Periche is known to be a big farming village that has transformed into a major trekking hub. A fair amount of its people are employed as trekking guides and Sherpas. There are also many tea houses here that serve as an important acclimatization stop for those making their way to Base Camp from this direction. You will find a basic hospital here operated by the Himalayan Rescue Association (HRA) during the two climbing seasons – which often serves as an evacuation point for those who need to get down the mountain quickly.

Upon arrival in Periche, we checked into the Pumori Lodge – the last basic tea house of our trek. Once we get to the lower parts of the main Everest Base Camp Trek we go back to our luxury tea house. The hot showers, electric blankets and multi-course meals are very welcomed at this stage.

Until then, our tea house arrival routine would have to be the same. Check into tea house, drop off our gear in the room, use wet wipes to clean up head-to-toe, change into comfy clothes, plop ourselves into one of the seating enclaves of the communal rooms, have a hot drink and play cards until we bore ourselves to death. Imagine our surprise when we arrived in the communal room to find people sitting around a TV! I hadn’t seen one in almost a couple weeks and my eyes were glued the whole evening.

What was on? The blockbuster hit film Everest. It felt quite fitting that we just returned from an overnight at Base Camp and got to watch a film about Everest – a few kilometers from Mt. Everest herself. There was a steady stream of films that followed that evening. It was a nice way to spend the evening relaxing before heading to our ice cold room and zipping up in our sleeping bags.



Check out the day as recorded by Stava. See the trails taken, overall elevation gains,  trekking times and how fast (or slow) we made it from Point A to Point B.



  • Thanks for sharing this. As much as this seems like an amazing thing to do, I see there is a lot that goes into it. I would love to push myself to do it, but no time soon. For now I’ll enjoy your adventures.

  • Wow, I have never dreamt in my wildest dreams to take an adventure like this! You are so brave to take this journey! Awesome seeing your photos, felt like I was there too. I have followed you on Insta and Twitter so I can see these great shots you take. Lorelle 🙂

  • Great article with beautiful pictures. It seems scary to wake up to the sounds of a possible avalanche.. wow! We did a 5-day Salkantay Trek to Machu Picchu and the max altitude was 4600masl, so it seems pretty similar to the hike you did. We need to go to Nepal!

    • Yes you need to get to Nepal and yes the sounds were scary, but looking back – were all a part of what made the experience one to remember. Awesome job on your trek in Peru – also a very stunning part of the world. Happy Travels! Thanks for checking us out.

  • This is one of those experiences that would be so cool, but I think I’m too much of a wimp to try it! It makes it so real to see the photos of the rock memorials for the hikers that didn’t make it. Beautiful photos- I love the colored flags against the white of the snow.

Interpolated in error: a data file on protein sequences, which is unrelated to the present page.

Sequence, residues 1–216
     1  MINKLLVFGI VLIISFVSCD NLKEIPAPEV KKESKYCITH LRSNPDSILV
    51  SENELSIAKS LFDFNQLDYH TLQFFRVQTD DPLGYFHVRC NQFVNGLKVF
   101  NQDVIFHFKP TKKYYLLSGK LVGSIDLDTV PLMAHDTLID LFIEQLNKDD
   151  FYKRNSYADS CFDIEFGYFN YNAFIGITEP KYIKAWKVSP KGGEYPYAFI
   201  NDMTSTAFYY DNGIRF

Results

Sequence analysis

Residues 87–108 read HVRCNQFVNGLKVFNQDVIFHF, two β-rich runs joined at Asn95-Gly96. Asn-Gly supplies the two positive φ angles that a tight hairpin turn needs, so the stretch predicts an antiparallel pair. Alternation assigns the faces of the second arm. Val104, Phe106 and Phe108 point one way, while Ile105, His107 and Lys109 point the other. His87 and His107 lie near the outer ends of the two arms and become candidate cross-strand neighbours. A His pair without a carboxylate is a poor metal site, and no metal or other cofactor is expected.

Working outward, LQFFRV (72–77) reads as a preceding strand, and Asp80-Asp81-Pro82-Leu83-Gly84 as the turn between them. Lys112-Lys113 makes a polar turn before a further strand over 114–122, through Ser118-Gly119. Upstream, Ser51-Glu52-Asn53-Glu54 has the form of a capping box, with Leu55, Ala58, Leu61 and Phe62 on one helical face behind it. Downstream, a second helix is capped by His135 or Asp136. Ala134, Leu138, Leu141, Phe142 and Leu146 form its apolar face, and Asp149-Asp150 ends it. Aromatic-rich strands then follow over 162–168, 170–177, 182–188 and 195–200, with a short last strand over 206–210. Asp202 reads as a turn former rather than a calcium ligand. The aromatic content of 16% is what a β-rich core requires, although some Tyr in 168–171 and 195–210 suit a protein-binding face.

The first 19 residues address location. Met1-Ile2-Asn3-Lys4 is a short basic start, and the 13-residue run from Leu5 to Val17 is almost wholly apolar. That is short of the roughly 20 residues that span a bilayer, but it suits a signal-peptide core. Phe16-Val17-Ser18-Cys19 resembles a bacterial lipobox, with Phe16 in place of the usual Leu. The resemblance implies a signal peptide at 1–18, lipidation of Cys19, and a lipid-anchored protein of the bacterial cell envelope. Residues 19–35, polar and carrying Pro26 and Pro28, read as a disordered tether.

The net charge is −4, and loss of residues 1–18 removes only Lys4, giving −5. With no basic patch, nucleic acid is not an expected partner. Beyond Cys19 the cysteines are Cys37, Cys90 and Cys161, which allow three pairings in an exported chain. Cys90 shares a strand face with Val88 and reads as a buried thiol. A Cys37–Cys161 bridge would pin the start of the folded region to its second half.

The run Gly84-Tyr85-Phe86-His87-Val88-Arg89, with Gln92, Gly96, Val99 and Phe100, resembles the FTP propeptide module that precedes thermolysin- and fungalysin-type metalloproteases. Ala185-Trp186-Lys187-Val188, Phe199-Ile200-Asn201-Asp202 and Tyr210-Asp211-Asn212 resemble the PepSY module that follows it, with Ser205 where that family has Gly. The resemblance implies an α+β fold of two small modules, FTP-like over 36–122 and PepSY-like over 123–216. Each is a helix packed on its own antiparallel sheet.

• A wimp? Don’t say that. ☺ It is a challenge for sure, but you would be surprised the mix of people experiencing the trails. Thanks for the kind words.

  • One day I will do this. As a hiker it has been a dream of mine. And the photos you have me posted has my internal flame burning even more. Fantastic post.

    • Thanks for the kind words. Throw some gasoline on that flame and get there. It was probably one of the best travel experiences I have ever had. It was physical and mentally challenging, offered some of the most amazing views in the world and left me wanting more.

  • Wow.. I basically categorize myself as a beginner when it comes to trekking but I’d love love to try an ascend to Mount Everest too. I don’t know if I’ll be able to, though as it seems pretty advance and I haven’t had any trekking adventures for a while now.. LOL.. It seems like an exciting adventure though. The views are pretty impressive. And that memorial spot you’ve come across sounds like a great site to see. Such a beautiful and meaningful way to remember those adventurous soul who lost their lives on Everest. Great post Dom! 🙂

    • I’d like to ascend Everest as well, but my trip to Base camp will have to suffice for now. ☺ Thanks for the kind words as always.

  • I think this might have just made my 2018 “Must Do” list. It looks and sounds amazing. Although I think I’ve got a way to to until I’m fit enough! I’m always surprised how amazing the food can be on these treks too. Great read!

    • Thanks for the kind words. Glad to see it made you 2018 list. We are already talking about going back and exploring more of the region on different trails. General fitness levels and mental preparedness is all you need to tackle this one. Happy Travels.